Three of my worst fears came true this week.  This is a true story, and one I did not ever expect to recount, but it’s just so unlikely that I cannot leave it untold.  I had a bad day.  I think the only way to look at it is that I am due for some fantastic great luck very soon!

  1.  First, I got stuck in an elevator at work.  The weird thing is that it was not even my first time.  The first time was in Italy, in the little seacoast town of Ladispoli where my mom, my grandparents, and I were living as refugees.  There is more to that story, but not today.  Today, it’s about how my mom and I were visiting some other refugee friends in a building with an elevator, and I decided to open the elevator door to see what would happen. It was one of those old cage elevators, and it was coin operated.  I do not think my mom even noticed that I was the culprit, because the alarm immediately went off and there was a lot of commotion.  Of course, we had no more coins to get the elevator going again, being refugees (I did not think that through).  Luckily, the friends we were visiting had a coin, and were able to slide it into the cage for us to get moving again. So when I say I got stuck in an elevator in Italy, what I really should say is, I was an idiot child and stopped the elevator due to my own naughty curiosity.
NOT the actual elevator in which I got stuck in Italy

This week’s experience was not quite the same.  My work partner was going to look at the new office space in the building next door.  He had four women with him—the landlord’s rep, the furniture rep, the interior design rep, and someone else whose name and function I did not catch—and I felt that I needed to tag along to be sure that I did not get saddled with a windowless office, or no office, or far from the kitchen, or other similar debacle.  Serves me right.  We were going to the fifth floor, and barely made it past the fourth when the elevator shuddered to a stop.  Well, it did not really shudder, it just stopped moving, and it actually took us a few seconds to clue in to what happened.  All buttons were pushed, and 911 was called.  It took over an hour and a half, because in this day and age (and litigious society), hopping out of an elevator between floors, from about waist-height, is apparently frowned upon.  My partner was ready to spring into action and out of the elevator, and had a rather funny chest-pounding (figuratively) altercation with the elevator guy.  The four women, clad in short tight dresses and high heels, took selfies and fretted.  I, mentally kicking myself for not visiting the bathroom before going off with them and for not grabbing my cell phone, tried to calm everyone down by telling my Italian elevator story (omitting the part about my part in it) and the story of how a neighbor back home, Aunt Vera’s son, had his legs crushed when an elevator car fell with him in it, but survived.  He even drove a special “invalid car”, as they were called in those non-PC days, meaning all the controls were hand-operated.  Surprisingly, neither story was received in the spirit it was told.  Eventually we were rescued, and the landlord sent us bagels and coffee next day.  I expected a month of free rent.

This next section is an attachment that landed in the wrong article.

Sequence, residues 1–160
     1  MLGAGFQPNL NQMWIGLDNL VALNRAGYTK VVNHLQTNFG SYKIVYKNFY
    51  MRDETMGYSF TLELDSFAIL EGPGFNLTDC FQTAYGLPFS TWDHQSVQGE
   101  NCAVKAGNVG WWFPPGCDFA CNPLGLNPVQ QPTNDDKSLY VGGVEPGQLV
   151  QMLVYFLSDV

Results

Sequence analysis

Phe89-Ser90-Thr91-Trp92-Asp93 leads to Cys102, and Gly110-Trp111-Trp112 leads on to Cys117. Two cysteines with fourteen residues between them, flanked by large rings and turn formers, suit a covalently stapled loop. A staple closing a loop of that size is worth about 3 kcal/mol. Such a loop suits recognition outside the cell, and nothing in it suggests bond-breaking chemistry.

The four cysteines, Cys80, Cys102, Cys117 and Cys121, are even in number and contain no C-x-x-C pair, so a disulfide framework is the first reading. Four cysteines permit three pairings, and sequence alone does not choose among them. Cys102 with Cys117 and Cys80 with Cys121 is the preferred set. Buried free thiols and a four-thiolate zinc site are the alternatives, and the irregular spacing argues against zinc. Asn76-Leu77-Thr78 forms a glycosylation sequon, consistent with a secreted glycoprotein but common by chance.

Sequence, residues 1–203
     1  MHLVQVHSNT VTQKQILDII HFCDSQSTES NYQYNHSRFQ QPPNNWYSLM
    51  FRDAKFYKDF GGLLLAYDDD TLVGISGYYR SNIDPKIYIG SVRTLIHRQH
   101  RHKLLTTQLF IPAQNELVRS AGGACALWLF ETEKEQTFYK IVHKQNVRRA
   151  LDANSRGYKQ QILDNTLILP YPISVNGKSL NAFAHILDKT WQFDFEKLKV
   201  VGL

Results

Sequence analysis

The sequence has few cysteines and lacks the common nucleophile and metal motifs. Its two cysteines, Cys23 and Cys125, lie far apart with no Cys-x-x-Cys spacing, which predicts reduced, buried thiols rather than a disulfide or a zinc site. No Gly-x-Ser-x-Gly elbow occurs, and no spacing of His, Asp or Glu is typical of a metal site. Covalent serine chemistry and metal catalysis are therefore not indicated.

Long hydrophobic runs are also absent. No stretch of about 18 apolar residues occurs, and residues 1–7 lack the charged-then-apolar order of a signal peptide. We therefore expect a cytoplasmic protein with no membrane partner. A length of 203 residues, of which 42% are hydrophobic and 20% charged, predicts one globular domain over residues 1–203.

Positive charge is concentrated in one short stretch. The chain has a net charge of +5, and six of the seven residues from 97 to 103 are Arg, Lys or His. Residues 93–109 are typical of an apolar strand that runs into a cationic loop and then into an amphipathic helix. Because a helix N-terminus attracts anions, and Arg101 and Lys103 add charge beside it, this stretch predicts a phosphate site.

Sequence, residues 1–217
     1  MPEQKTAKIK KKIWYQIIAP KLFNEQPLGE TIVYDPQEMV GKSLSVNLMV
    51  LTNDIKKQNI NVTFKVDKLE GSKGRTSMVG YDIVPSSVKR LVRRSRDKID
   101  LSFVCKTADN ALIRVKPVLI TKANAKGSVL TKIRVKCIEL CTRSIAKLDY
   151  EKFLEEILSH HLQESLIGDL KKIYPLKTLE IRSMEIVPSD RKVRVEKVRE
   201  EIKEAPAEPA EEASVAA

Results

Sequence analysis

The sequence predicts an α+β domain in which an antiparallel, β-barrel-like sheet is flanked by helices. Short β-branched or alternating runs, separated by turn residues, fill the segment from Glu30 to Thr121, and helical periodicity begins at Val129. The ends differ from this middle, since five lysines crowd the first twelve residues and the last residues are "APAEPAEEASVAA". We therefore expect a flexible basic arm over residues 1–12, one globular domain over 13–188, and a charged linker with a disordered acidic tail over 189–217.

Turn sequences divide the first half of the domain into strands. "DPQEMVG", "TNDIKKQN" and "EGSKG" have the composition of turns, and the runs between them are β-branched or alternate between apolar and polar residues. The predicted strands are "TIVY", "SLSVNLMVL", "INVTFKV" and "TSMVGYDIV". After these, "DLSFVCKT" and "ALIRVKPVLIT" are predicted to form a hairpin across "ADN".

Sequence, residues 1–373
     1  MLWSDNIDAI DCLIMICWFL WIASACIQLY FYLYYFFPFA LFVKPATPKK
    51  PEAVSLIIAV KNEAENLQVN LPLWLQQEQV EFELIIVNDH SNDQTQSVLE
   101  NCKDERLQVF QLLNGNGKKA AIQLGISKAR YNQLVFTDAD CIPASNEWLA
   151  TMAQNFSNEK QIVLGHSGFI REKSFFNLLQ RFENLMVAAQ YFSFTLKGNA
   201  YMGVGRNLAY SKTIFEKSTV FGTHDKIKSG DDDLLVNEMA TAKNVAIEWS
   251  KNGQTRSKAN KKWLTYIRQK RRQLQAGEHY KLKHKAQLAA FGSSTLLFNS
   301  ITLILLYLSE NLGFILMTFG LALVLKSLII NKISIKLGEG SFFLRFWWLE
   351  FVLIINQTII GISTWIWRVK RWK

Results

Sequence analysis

Mickey. What a monster he was!
  • Second, I was bitten by a dog.  This was truly my worst fear for many years.  I had a nemesis dog in my childhood, Mickey, who belonged to another neighbor, Aunt Rimma.  He roamed the neighborhood off leash, as dogs did in those days, terrorizing children.  I remember an occasion when my friend Tanya and I were desperately holding closed the outside door to the apartment building where she lived (Mickey lived right above Tanya), because he was barking madly on the street and we were afraid that he will barge in and tear our throats out.  For reasons that are passing understanding, I have a photo of this monster beast—pretending to be friendly and peaceful.  This must have been after he fell off the second floor balcony.  He broke his leg and was never as ferocious after that.

So, living for decades with the fear of being mauled by a dog, I finally was—and lived to tell the tale.  I was walking with my spouse and my two dogs (yes, I have two, two dogs—another story for another time), and my baby dog, Vanya, picked up this huge crust of bread off the sidewalk two doors from our house.  Of course, I tried to pry her teeth apart and get the bread out, and of course she was desperate to keep her teeth clamped shut while chewing as fast as she possibly could.  Next thing I knew, sharp pain, blood everywhere.  I fell onto the grass, crying.  I am not proud of this.  I was a little overly dramatic, because the pain was not the worst I ever felt.  It was more the shock of seeing my bloody middle finger with a missing nail.  But the joke is on Vanya, because my nails are fake. 

  • Finally, when I came home, with my finger wrapped in paper towel offered by a kind neighbor, I decided to enjoy a calming mug of beer.  And here is the worst thing—I spilled the beer all over myself and my couch.  I can’t even blame the shock of the dog bite.  I have all these cords from my phone, my Kindle, and my laptop on the couch, and the beer mug tangled up in them and fell.  Mad dog Vanya immediately started licking the couch.  I drank YooHoo instead (also good).  Now my couch (#100 on the list of my favorite things) smells like beer.  So maybe it was not a waste after all.